06/24/2004 11:00PM

As a sire of sires, Gone West is king


LEXINGTON, Ky. - Sons of the Mr. Prospector stallion Gone West are the hottest properties in breeding today, and there is no wonder. Among third-crop stallions (the oldest foals only 4) this season, the two leading sires by earnings are Elusive Quality and Grand Slam, both by Gone West. They rank first and fifth in the general sire list, with two other sons of Gone West, Mr. Greeley and West by West, also in the top 50.

Previously recognized as the sire of top English sire Zafonic, Gone West has inherited the mantle of his sire, Mr. Prospector, as a preeminent sire of stallions. High recognition in this regard comes only from results on the racetrack. For instance, when Elusive Quality's son Smarty Jones won the Kentucky Derby, Grand Slam's son Limehouse was fourth.

Gone West stands at the Mill Ridge Farm of John and Alice Chandler outside Lexington. Out of the Secretariat mare Secrettame, Gone West won the Dwyer, Gotham, and Withers for James and Alice Mills's Hickory Tree Stable.

"I've always thought that of all the Mr. Prospectors, he had as good a pedigree as any, better than most," Alice Chandler said, "but at the end of the day, you can't really expect something like this to happen."

Truly, the important sires of stallions are the rarest success stories in breeding. It is evident only well into a stallion's career, but when it comes, the recognition tends to send valuations into the stratosphere due to the intense competition.

The demand for sons of Gone West is now so great that the highly regarded Strong Hope (by Grand Slam) recently was acquired to stand at Claiborne Farm for 2005. A strong and beautifully balanced colt, Strong Hope is perhaps the best Gone West that Gone West didn't sire.

In addition, Strong Hope won the Jim Dandy (beating Empire Maker) and Dwyer (both Grade 2) last year, was a $1.7 million yearling at Saratoga in 2001, and descends from the family of Best in Show through her daughter Sex Appeal, the dam of European highweights Try My Best, Solar, and El Gran Senor.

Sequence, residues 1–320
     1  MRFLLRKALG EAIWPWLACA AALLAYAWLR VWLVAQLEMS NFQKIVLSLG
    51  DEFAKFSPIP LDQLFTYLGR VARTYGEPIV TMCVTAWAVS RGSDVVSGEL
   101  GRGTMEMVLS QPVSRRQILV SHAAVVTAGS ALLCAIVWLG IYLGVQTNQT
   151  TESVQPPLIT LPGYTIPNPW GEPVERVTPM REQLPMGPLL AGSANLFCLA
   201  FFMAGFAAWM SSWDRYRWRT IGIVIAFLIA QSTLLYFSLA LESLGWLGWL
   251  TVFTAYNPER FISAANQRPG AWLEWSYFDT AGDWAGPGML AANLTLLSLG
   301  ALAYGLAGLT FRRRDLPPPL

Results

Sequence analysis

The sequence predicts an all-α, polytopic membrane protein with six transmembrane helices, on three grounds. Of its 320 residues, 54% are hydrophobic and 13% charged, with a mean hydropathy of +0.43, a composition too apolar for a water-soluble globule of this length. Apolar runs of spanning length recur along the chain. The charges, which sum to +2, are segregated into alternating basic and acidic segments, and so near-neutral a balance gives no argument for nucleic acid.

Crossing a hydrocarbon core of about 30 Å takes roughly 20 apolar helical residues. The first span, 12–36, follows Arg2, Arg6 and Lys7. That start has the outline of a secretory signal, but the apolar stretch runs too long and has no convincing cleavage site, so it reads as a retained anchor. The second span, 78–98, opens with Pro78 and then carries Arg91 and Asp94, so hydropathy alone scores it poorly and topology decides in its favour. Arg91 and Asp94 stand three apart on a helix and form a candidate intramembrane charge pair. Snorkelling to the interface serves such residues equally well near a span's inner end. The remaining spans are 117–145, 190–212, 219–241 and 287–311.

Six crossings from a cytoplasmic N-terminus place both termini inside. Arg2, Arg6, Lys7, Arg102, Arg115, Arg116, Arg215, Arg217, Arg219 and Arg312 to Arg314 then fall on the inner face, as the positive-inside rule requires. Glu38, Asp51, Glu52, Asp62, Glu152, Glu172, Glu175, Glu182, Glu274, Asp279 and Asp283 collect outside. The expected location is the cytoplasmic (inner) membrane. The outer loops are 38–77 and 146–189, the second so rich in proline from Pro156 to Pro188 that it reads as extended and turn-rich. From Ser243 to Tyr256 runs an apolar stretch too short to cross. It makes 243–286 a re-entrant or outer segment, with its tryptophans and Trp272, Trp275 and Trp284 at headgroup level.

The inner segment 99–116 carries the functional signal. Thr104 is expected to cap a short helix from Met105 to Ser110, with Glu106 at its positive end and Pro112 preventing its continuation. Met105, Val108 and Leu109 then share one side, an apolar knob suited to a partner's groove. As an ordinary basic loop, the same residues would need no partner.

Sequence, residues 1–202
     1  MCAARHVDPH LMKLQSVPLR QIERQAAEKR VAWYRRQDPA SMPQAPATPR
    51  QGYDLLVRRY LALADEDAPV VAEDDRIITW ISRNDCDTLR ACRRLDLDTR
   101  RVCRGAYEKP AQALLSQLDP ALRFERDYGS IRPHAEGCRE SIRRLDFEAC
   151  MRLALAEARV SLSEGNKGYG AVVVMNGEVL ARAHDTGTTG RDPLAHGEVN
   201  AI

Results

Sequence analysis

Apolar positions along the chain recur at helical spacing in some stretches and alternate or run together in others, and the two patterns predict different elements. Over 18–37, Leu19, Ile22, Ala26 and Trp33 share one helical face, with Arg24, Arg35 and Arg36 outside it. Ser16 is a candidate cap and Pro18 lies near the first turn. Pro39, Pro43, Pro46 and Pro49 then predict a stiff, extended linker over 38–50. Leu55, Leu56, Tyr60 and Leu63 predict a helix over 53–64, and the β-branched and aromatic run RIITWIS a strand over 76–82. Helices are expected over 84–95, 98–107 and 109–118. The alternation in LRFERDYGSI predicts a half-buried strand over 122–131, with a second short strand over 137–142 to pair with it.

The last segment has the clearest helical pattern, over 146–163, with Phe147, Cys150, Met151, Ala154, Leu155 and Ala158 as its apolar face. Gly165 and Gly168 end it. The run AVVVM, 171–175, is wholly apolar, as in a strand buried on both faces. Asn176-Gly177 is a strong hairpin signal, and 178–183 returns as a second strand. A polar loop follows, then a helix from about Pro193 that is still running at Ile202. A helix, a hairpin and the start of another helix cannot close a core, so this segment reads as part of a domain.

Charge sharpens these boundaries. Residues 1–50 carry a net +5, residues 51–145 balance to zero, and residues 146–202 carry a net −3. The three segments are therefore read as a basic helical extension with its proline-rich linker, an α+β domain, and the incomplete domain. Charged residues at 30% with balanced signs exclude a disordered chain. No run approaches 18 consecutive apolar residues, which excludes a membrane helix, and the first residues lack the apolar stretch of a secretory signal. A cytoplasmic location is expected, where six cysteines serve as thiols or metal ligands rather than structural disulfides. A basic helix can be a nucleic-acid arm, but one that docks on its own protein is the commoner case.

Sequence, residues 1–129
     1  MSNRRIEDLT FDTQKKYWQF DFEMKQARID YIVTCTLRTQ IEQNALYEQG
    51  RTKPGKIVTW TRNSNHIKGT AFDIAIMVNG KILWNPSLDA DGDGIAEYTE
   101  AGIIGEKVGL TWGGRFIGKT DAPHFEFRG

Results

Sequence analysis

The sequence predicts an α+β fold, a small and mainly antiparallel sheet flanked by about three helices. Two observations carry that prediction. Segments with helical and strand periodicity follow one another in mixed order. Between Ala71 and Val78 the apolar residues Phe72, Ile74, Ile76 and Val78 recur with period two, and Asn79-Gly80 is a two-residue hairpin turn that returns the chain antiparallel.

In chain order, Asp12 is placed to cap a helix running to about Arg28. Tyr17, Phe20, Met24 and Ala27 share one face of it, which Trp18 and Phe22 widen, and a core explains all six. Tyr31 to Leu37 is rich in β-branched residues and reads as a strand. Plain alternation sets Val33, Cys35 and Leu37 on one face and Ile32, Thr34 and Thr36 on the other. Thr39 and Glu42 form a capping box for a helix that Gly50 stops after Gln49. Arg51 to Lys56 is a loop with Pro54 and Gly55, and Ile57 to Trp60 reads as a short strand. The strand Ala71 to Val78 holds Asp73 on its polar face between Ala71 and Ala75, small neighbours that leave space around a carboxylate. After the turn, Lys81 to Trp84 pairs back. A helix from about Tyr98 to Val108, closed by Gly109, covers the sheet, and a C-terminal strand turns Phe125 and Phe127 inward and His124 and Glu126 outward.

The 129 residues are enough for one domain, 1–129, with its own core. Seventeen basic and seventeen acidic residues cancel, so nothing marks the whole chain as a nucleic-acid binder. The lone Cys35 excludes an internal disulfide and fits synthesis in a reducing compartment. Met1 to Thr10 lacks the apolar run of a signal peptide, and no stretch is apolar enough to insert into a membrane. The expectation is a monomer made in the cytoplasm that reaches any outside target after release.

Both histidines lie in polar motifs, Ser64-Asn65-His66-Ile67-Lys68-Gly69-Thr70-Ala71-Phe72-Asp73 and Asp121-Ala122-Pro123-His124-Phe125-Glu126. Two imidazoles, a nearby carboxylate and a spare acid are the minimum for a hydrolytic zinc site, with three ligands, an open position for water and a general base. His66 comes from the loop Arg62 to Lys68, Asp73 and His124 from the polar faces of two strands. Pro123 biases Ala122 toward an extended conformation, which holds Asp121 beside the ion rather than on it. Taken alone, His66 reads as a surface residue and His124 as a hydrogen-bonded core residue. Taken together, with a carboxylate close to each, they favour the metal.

The overall combination of sire line, the strong female family, great natural speed, and an outstanding physique convinced Claiborne to acquire an interest in the colt.

Seth Hancock, president of Claiborne, said, "We bought 40 percent and syndicated that. Mr. Melnyk kept 60 percent and did not syndicate his portion. He's got quite a few mares of his own and is anxious to breed to the horse."

As with many top-tier stallion prospects, the goal with Strong Hope is "to try to win a Grade 1," Hancock said. "To do that, probably the Forego, Vosburgh, Breeders' Cup Sprint, and Cigar Mile would be the races of choice." Although a very talented miler, Strong Hope is not likely to run in the Breeders' Cup Mile, as he never has raced on turf. Rather than change things with the horse, the ownership is inclined to play to the colt's proven strengths.

Nor will Strong Hope be the only new stallion for 2005 from the Gone West line.

Already standing Belmont winner Commendable, Mill Ridge has acquired its second son of Gone West, the Breeders' Cup Turf winner Johar, who dead-heated with High Chaparral in last year's race. Bayne Welker, manager of seasons and sales at Mill Ridge, said, "Johar is a very well-balanced horse. When you watched him race, he looked like a smaller horse, but he's an honest 16.1. He has that classic look about him: deep shoulder and girth, a good correct horse."

Johar's accomplishments on turf may put off some American breeders, who have shied from turf horses in the last decade, but Welker said, "The beauty of a Gone West son is that you can get different dimensions out of them. Take Elusive Quality, who did his best running on the turf, but as his runners have shown, they are not restricted by surface or distance. That's good news for us in standing Johar.

Welker said it was interesting to note that Richard Mandella, who trained Johar for the Thoroughbred Corp., "said he was a little shocked Johar did his best on the turf. Just by the way he had trained, Johar seemed like a good horse, dirt or turf, and Mandella didn't think it mattered what they ran him on."

In assessing the qualities of the Gone West stock, Welker said, "Mr. Greeley was probably best at sprinting, but he has thrown horses that have gone long and on the grass, as well. They can also be good sales horses. When you can put yourself in a position to have American buyers, European buyers, end-users, and pinhookers looking at your horses, you've set yourself up pretty well for success."

This year, Welker said, "The Came Homes are coming to the sales. The ones I've seen have had an ample amount of leg, and people have been raving about them."

The bottom line is that Gone West and his sons are succeeding. Chandler said, "If I had my way, I'd fill every stallion barn we have with sons of Gone West."